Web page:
St Nicholas's Church, Otham

From Wikipedia, the free encyclopedia
Jump to: navigation, search
St Nicholas's Church
The south side of the tower and chancel
St Nicholas's Church, Otham is located in Kent
St Nicholas's Church, Otham
Location within Kent
Coordinates: 51°15′28″N 0°33′46″E / 51.257816°N 0.562741°E / 51.257816; 0.562741
Location Otham, Kent
Country England
Denomination Anglican
Architecture
Status Parish church
Functional status Active
Heritage designation Grade I
Designated 23 May 1967
Completed Late 12th, 13th and 14th centuries
Administration
Parish St Nicholas, Otham
Deanery North Downs
Archdeaconry Maidstone
Diocese Canterbury
Province Canterbury

St Nicholas's is a parish church in Otham, Kent begun in the 12th century with additions in the next two centuries. It is a Grade I listed building.[1]

Building[edit]

Construction of the church began in the late 12th century. From this period date the tower, the north and south walls of the nave and the lower chancel, all of which were constructed with uncoursed stone and tufa rubble walls. The chapels on the north side were added in the 14th century. The steeply pitched roof is covered with clay tiles.[1]

14th-century doorway on the north side of the nave

The square tower is attached to the south side of the church at the junction between the nave and the chancel. It is buttressed on both faces of the external corners and has been extended vertically with a 16th-century timber weatherboarded belfry topped by a timber hipped roof and an octagonal timber spire. On the east side of the tower is a partly projecting stair tower and a blocked-in doorway. Small rectangular and lancet windows pierce the tower at each level; those on the stair tower dating from the 13th or 14th centuries.[1]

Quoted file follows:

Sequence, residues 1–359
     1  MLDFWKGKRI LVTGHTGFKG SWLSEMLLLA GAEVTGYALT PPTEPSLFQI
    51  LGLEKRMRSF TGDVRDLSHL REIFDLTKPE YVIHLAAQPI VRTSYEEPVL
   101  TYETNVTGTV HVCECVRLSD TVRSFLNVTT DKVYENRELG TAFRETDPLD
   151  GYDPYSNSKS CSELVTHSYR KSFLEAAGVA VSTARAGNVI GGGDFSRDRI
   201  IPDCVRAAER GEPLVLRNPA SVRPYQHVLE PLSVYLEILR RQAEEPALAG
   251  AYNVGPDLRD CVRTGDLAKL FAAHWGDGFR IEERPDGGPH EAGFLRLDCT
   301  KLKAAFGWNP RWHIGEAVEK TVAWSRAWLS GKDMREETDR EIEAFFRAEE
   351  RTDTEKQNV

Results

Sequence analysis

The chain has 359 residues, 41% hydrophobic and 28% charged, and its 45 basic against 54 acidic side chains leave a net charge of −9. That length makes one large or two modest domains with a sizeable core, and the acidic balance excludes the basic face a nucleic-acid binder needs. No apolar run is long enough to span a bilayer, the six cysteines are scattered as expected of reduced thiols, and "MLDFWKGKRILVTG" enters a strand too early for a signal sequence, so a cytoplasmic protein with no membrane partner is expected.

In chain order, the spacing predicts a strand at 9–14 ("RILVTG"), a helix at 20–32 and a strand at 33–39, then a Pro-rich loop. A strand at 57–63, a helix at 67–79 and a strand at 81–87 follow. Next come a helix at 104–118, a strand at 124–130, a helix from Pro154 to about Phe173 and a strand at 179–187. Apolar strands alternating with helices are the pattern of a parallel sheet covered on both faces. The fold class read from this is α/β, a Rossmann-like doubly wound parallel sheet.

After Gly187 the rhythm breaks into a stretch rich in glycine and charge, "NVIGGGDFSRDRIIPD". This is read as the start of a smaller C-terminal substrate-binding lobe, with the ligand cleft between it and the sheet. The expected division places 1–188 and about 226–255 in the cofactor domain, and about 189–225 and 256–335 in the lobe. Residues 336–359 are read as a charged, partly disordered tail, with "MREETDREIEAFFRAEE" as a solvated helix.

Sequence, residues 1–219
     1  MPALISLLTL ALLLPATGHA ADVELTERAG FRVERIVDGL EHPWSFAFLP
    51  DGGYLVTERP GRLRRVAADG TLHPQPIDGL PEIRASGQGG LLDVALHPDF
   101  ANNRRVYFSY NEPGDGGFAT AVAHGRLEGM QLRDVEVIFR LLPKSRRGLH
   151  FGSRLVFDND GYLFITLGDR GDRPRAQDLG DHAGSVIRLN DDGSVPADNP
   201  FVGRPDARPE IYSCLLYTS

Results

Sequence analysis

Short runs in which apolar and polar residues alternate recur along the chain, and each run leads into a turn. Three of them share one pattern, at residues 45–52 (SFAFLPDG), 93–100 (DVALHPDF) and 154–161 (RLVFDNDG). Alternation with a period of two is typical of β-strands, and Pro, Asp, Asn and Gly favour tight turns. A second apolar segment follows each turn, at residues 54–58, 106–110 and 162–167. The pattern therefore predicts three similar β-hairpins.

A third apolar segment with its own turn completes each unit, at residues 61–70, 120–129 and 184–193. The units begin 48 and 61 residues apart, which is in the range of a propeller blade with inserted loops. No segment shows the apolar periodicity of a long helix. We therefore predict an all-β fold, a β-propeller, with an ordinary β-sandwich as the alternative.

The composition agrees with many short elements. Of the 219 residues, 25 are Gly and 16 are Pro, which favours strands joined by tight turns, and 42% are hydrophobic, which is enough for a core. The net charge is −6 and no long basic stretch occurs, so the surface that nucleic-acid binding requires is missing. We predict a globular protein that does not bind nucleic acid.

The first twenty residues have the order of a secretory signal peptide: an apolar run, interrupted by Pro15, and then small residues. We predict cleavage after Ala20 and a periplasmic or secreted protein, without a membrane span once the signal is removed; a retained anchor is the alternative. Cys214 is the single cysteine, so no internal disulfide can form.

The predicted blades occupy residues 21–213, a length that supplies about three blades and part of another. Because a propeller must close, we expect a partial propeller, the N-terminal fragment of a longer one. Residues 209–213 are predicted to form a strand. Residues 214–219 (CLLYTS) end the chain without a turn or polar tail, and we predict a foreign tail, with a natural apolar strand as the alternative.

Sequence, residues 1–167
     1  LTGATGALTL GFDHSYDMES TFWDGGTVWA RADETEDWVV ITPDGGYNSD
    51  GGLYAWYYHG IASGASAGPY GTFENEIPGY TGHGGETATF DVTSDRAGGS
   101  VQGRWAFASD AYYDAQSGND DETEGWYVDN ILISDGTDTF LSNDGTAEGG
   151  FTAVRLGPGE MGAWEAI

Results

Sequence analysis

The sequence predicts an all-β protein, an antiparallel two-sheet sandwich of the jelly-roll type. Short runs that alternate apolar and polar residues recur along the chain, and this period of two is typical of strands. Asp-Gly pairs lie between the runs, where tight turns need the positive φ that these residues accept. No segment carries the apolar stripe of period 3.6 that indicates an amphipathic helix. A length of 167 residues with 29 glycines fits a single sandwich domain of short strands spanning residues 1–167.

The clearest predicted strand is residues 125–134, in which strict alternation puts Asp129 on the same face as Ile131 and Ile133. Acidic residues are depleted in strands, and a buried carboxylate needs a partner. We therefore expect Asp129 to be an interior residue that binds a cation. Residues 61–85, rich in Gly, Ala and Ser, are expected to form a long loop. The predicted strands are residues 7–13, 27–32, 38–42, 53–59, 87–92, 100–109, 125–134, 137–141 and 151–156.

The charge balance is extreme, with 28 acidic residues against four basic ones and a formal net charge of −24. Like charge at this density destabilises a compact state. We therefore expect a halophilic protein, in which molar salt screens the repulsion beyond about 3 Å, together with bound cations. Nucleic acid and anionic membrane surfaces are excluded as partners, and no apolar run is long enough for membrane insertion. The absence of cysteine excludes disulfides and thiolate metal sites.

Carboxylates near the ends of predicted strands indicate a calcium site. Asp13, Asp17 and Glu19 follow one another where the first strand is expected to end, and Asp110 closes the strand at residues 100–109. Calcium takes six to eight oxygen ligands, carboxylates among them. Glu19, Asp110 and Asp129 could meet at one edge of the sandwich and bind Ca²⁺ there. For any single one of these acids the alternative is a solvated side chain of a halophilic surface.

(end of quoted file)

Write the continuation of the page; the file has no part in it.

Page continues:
The short nave features a rubble walled windowless porch attached to the south side in the 19th century and a gabled west end rebuilt in the same century with a window of four lights in the 13th-century style. A two-lighted window on the north side is 13th-century and the two-lighted windows on the right and left sides of the porch are 14th- and 19th-century respectively. On the north side of the nave, a blocked-in doorway with a pointed arch surrounded by a carved rectangular architrave is 14th-century.[1]

The three windows on the south side of the chancel, the lancet window on its north side and the three-lighted window in the east end are all 19th-century, but in a 13th-century style. Attached centrally to the north side of the nave and chancel as a pitched-roofed extension, the chapels include three two-lighted windows, the one in the nave chapel being quatrefoiled. The roof to the nave is supported on three crown posts on unbraced tie beams. The roof to the chancel is 19th-century and boarded.[1]

Internally, a 14th-century font is set on a chamfered base with a face, two calves' heads and a leaf. Monuments in the chancel are to Thomas Hendley (d. 1590), Levinus Buffkin (d. 1622), John Hendley (d. 1676), Thomas Fludd (d. 1688) and William and Dorothea Henley (d. 1762 and 1785). In the Chancel chapel are monuments to Elizabeth Hendley (d. 1697) and Bowyer Hendley (d. 1742).[1] The churchyard contains two Grade II listed monuments.[2]

See also[edit]

References[edit]